# Error in definition of PeriodicBoundaryCondition?

The documentation for PeriodicBoundaryCondition (https://reference.wolfram.com/language/ref/PeriodicBoundaryCondition.html) has: Where it says $$u ( x_{target} ) = a + b\ u ( f ( x_{target} ) )$$, I think it should instead say $$u( f ( x_{target} ) ) = a + b\ u ( x_{target} )$$. I could be wrong but I believe this is demonstrated by this example: https://wolfram.com/xid/0bswu24h9fy656tmxe-jnf5k3. I have copied the code here, only modifying it from $$a=-1/20$$ to $$a=0$$ because this will demonstrate what I am talking about:

Ω = Rectangle[{0, 0}, {2, 1}];
pde = -\!$$\*SubsuperscriptBox[\(∇$$, $${x, y}$$, $$2$$]$$u[x, y]$$\) ==
If[1.25 <= x <= 1.75 && 0.25 <= y <= 0.5, 1., 0.];
Subscript[Γ, D] =
DirichletCondition[u[x, y] == 0, (y == 0 || y == 1) && 0 < x <= 2];
a = 0; b = 2;
pbc = PeriodicBoundaryCondition[a + b*u[x, y], x == 0 && 0 <= y <= 1,
TranslationTransform[{2, 0}]];
ufun = NDSolveValue[{pde, pbc, Subscript[Γ, D]},
u, {x, y} ∈ Ω];
ContourPlot[ufun[x, y], {x, y} ∈ Ω,
ColorFunction -> "TemperatureMap", AspectRatio -> Automatic]


The left-hand edge, from $$(0,0)$$ to $$(0,1)$$, is the target (i.e. where the predicate in PeriodicBoundaryCondition is true) and the right-hand edge, from $$(2,0)$$ to $$(2,1)$$, is the source because $$x_{source} = f (x_{target})$$. Now as $$b=2$$ (and $$a=0$$) by the current definition we would expect $$u(x_{target}) = 2 u(x_{source})$$, meaning the values at the left-hand edge should be twice as large as those on the right-hand edge. But they're not. Instead, they are half as large. This implies that the definition should instead be $$u( f ( x_{target} ) ) = a + b u ( x_{target} )$$. I have explored this for many hours with many examples and keep arriving at the same conclusion.

• There are some subtle issues with the PeriodicBoundaryCondition. A triangle mesh and a symmetrized PBC, may be required. You can look at my answer 223465 as well as the other answers. – Tim Laska Aug 10 at 15:59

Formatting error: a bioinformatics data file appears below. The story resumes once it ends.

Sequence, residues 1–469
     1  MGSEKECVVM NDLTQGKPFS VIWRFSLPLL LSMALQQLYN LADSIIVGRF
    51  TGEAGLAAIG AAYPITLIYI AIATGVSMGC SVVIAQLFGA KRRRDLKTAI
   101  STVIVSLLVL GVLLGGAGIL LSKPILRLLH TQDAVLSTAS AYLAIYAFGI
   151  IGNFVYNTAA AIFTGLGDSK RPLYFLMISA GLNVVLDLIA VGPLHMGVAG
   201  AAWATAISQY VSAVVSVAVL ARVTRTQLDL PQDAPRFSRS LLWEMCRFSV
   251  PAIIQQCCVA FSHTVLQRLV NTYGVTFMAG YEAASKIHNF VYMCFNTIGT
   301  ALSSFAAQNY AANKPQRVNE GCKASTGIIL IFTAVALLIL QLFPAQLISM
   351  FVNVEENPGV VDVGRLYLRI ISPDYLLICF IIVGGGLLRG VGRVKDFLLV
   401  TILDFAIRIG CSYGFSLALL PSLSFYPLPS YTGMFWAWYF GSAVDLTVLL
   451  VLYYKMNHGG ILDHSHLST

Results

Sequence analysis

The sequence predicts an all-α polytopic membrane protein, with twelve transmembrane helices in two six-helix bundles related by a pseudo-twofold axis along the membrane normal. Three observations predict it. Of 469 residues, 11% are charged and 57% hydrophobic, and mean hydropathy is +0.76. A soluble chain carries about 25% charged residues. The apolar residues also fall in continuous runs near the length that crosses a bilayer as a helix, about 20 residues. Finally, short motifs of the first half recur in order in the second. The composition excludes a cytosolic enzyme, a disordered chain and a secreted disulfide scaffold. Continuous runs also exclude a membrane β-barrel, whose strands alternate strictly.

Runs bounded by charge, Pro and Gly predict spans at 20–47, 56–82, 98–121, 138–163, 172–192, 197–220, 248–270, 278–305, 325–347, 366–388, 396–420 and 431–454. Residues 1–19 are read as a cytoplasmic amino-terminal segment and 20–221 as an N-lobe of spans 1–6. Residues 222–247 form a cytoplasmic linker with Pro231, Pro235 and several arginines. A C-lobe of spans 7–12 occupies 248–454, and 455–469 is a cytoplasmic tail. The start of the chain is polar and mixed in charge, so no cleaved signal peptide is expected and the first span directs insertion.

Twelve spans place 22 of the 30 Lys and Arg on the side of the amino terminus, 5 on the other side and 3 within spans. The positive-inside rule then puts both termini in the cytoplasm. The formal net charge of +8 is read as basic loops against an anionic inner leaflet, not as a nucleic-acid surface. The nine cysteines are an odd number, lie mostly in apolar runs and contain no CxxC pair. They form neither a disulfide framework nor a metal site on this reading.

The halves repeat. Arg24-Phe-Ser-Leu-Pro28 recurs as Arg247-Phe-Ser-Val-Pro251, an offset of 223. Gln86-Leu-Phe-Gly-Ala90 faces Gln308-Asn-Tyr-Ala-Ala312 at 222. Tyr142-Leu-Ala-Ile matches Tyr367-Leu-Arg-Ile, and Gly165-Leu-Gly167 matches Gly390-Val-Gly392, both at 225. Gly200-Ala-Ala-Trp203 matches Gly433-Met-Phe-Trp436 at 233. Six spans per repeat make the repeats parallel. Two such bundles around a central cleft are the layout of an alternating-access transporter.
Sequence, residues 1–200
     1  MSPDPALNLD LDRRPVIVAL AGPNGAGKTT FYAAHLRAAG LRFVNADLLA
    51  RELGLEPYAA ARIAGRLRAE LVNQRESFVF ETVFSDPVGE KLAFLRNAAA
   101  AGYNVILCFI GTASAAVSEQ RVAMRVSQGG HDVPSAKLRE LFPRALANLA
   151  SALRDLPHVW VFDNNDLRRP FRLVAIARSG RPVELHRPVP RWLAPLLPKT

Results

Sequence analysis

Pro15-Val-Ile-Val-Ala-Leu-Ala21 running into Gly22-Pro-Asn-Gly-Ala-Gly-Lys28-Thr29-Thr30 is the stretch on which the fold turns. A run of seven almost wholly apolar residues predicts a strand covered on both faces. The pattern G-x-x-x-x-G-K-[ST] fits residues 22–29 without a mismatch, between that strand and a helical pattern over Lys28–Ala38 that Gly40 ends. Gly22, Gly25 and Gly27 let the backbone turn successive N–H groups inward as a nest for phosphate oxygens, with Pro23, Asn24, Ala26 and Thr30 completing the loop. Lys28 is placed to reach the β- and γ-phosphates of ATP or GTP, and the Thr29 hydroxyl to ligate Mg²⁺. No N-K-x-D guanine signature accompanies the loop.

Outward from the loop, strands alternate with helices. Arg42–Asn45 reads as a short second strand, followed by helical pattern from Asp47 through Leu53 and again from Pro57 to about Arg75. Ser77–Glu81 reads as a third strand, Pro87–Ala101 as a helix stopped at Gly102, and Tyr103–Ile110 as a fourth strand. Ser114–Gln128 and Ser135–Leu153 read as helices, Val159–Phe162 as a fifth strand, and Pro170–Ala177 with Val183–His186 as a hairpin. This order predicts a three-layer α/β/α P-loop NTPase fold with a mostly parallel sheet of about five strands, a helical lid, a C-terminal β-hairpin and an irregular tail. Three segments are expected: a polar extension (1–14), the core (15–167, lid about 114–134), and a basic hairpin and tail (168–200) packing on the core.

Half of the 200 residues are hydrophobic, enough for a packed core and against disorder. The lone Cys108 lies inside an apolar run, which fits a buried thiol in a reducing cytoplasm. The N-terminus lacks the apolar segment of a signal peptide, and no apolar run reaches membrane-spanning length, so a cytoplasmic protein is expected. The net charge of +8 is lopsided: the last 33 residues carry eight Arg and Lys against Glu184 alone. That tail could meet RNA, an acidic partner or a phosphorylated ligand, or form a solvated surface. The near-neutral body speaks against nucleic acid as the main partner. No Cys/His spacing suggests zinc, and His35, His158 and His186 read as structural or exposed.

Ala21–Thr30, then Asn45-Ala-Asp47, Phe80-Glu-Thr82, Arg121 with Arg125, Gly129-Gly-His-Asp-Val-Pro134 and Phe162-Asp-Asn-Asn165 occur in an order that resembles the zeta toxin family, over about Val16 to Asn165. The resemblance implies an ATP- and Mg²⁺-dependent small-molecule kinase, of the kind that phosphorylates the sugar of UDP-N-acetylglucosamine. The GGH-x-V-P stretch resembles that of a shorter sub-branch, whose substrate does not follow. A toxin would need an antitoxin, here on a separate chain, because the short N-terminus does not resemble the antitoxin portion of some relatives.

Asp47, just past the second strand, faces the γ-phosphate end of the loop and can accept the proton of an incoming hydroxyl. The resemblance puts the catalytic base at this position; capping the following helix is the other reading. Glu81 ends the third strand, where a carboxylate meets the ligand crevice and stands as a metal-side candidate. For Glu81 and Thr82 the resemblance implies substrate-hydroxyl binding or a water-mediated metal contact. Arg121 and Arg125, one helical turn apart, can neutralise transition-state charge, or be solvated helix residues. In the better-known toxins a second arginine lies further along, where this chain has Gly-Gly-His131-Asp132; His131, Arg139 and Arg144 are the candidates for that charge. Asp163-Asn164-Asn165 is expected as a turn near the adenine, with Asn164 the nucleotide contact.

• I think you analysis is correct - this is a typo in the documentaaion and I have updated the documentation. Sorry for the the trouble and thanks for reporting this. You always have the option to report things like this to support AT wolfram.com. I may not see all issues I am responsible for if posted here. – user21 Aug 14 at 9:29
• @user21 Thanks for that. Could you post your comment as an answer so I may select it as the best answer? Also I went through the "contact us" form on wolfram.com on the 6th of July, case 4565672, but as I received no update on it for some time I felt the need to post it here. Is the contact us form what I should be using for issues such as this? Thanks again. – Anthony Aug 15 at 16:35
• @Anthony, oh well.... not sure why that report did not reach me yet; in principal this is a correct approach to contact support. – user21 Aug 17 at 4:23
• @user21 No worries; thank you. I notice the documentation is still the same - does it take a while for your changes to take effect? – Anthony Aug 18 at 20:08

I think you analysis is correct - this is a typo in the documentation and I have updated the documentation. Sorry for the the trouble and thanks for reporting this. You always have the option to report things like this to support AT wolfram.com. I may not see all issues I am responsible for if posted here.

• Thank you. I notice the documentation is still the same - does it take a while to update? – Anthony Aug 25 at 12:56
• @Anthony, well yes, it will take a new release for it to show :-( – user21 Aug 25 at 13:04

As suggested in the comments and elaborated in my answer 223465, you can use a triangle mesh and symmetrize the PeriodicBoundaryCondition by making the following workflow:

# Create Triangle Mesh

Here we use ToElementMesh to create a triangle mesh with refinement on the boundaries.

Needs["NDSolveFEM"]
Ω = Rectangle[{0, 0}, {2, 1}];
(* Create Triangle Mesh *)
mesh = ToElementMesh[Ω,
"MaxCellMeasure" -> {"Length" -> 0.05},
"MaxBoundaryCellMeasure" -> 0.0025,
"MeshElementType" -> TriangleElement];


# Create a Plotting Function

Here we will create a function that simulates a parametric function, generates a contour plot, and an error plot of the periodic condition of the two boundaries.

plotFn[a_, b_][pfun_] :=
Module[{ufun, uRange, legendBar, options, cp, error, assoc},
ufun = pfun[a, b];